Bank Stocks React Poorly to the T-Word
Everyone knows it'll come to an end; they're just not happy the party will soon be over. "It" is the Fed's current round of quantitative easing, which for a while now has very effectively supported the bond market, particularly that for mortgage-backed securities. Tapering now looks like it'll happen sooner and stronger rather than later or weaker, considering today's macro data -- the closely watched number of initial jobless claims fell to its lowest mark in years, handily beating market estimates. The Fed has intimated that it'll start tapering once the economy shows definite signs of improvement, and those better labor figures are the size of billboards.
Nobody really wants to finish their drinks and go home. That Fed money is supporting a lot of players in the financial industry generally, and the debt markets specifically, not least the nation's big lenders. As with the broader Dow today, they're all getting punished for the good news.
But some less so than others. Case in point, Wells Fargo . Yes, tapering will likely affect its operations and results, as its still far and above the nation's top mortgage lender. But the segment still has plenty of room to run, if today's data from Freddie Mac is any harbinger. Fred said today that its weekly Primary Mortgage Market Survey showed rates that were essentially unchanged from the previous week. In other words, they're stable and continuing to tease all-time lows -- the current 4.40% on the 30-year fixed is a mere 1.1 percentage points above the floor set last November. This means potential home buyers still have plenty of opportunity to nab cheap mortgages, which the Wells Fargos of the market will be only too happy to provide.
Also helping support the bank's stock price is the latest peek into the portfolio of Warren Buffett's Berkshire Hathaway . Regulatory filings revealed that in Q2, the wise owl of the investing world added to Berkshire's already massive Wells Fargo stake, upping its holding by a little over 1% to around 463 million shares. Warren remains confident enough to keep plowing cash into the company, a habit that's comforting the market.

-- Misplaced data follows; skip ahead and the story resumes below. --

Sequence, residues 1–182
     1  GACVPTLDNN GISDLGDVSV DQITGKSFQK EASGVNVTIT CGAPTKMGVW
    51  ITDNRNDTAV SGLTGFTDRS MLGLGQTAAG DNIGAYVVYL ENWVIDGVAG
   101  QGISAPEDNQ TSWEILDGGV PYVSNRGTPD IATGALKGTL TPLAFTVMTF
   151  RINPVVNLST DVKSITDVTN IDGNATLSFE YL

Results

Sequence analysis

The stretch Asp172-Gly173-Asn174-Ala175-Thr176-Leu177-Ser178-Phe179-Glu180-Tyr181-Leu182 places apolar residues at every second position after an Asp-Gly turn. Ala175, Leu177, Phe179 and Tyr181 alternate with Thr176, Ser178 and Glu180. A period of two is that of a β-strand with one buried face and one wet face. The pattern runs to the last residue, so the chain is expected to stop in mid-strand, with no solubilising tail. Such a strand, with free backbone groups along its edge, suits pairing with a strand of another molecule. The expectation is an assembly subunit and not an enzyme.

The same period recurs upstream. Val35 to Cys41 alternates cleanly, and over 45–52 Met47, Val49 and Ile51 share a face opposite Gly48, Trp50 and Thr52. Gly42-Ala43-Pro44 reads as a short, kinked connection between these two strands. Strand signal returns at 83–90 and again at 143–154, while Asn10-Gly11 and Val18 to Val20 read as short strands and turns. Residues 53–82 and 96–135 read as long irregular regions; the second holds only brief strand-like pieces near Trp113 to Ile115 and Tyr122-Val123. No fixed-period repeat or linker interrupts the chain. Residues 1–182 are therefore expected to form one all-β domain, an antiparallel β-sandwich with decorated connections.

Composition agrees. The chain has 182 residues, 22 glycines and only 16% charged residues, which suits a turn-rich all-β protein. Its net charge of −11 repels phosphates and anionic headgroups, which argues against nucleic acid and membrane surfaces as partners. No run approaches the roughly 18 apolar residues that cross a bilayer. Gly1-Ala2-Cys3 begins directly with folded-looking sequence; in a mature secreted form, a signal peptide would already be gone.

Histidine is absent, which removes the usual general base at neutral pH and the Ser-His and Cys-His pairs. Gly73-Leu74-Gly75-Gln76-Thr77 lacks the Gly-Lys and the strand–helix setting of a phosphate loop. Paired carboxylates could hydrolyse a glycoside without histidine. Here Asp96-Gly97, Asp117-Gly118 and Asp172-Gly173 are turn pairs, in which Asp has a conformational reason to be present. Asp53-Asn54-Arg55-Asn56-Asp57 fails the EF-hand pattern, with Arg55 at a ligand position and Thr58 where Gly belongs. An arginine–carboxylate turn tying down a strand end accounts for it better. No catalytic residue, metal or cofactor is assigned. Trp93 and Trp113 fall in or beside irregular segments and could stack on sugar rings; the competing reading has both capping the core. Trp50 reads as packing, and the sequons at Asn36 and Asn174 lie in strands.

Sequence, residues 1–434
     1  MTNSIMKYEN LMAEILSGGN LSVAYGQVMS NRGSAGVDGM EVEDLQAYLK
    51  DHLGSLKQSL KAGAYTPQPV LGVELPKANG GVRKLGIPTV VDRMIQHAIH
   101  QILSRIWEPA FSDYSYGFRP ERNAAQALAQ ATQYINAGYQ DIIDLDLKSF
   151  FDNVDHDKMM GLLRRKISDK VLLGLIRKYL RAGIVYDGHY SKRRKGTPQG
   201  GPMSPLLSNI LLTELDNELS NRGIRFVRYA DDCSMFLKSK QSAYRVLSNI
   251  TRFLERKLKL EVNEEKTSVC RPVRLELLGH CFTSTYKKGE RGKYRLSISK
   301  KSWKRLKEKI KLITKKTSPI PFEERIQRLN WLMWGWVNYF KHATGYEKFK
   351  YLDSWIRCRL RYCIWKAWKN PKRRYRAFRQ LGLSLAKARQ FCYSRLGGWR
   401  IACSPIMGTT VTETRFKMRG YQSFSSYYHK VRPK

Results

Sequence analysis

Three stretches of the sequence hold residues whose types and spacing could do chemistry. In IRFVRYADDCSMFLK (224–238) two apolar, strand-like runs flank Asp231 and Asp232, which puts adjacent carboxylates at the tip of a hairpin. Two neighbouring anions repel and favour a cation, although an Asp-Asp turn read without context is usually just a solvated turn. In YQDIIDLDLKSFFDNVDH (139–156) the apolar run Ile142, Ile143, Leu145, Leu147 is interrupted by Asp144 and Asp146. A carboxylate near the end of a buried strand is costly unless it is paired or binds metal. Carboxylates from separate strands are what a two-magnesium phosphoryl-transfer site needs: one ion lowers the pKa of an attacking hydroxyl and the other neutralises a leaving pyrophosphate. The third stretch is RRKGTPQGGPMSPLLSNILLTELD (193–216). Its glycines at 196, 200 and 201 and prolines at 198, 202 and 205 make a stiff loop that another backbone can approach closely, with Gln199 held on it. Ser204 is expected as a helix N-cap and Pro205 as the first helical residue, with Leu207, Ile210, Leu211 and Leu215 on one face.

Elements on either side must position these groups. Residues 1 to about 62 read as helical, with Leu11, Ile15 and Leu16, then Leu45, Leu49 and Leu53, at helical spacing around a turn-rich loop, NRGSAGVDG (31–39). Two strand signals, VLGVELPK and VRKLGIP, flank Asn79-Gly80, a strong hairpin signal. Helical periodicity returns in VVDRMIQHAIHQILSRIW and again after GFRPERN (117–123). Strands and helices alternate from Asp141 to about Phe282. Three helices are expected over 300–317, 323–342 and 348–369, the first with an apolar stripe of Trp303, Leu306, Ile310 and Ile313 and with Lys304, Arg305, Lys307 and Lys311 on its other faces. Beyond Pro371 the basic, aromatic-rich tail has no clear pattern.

There isn't much news from the other banking majors to offset today's QE-related bearish developments. Bank of America's investment bank workhorse Merrill Lynch is doing a little business related to the latest high-profile buyout on the market. This is Paulson & Co.'s roughly $512 million acquisition of Steinway Musical Instruments for which Merrill, along with Deutsche Bank, is providing debt financing.
JPMorgan Chase hasn't been hit with any new lawsuits today. At least, not yet. The government's probably satisfied now that it's hauling two of the bank's traders into court for their part in the London Whale scandal, as it announced yesterday. These days, it seems the company can't go for more than a week without getting slapped by a lawsuit or becoming the target of some kind of government investigation.
Hopefully for Morgan investors, that kind of pressure will abate along with QE if and when the fallout from recent scandals slows. That's the kind of tapering the big banks -- and the market in general -- could get enthusiastic about.
Many investors are terrified about investing in big banking stocks after the crash, but the sector has one notable stand-out. In a sea of mismanaged and dangerous peers, it rises above as "The Only Big Bank Built to Last." You can uncover the top pick that Warren Buffett loves in The Motley Fool's new report. It's free, so click here to access it now.
The article Bank Stocks React Poorly to the T-Word originally appeared on Fool.com.Fool contributor Eric Volkman has no position in any stocks mentioned. The Motley Fool recommends Bank of America, Berkshire Hathaway, and Wells Fargo. The Motley Fool owns shares of Bank of America, Berkshire Hathaway, JPMorgan Chase, and Wells Fargo. Try any of our Foolish newsletter services free for 30 days. We Fools may not all hold the same opinions, but we all believe that considering a diverse range of insights makes us better investors. The Motley Fool has a disclosure policy.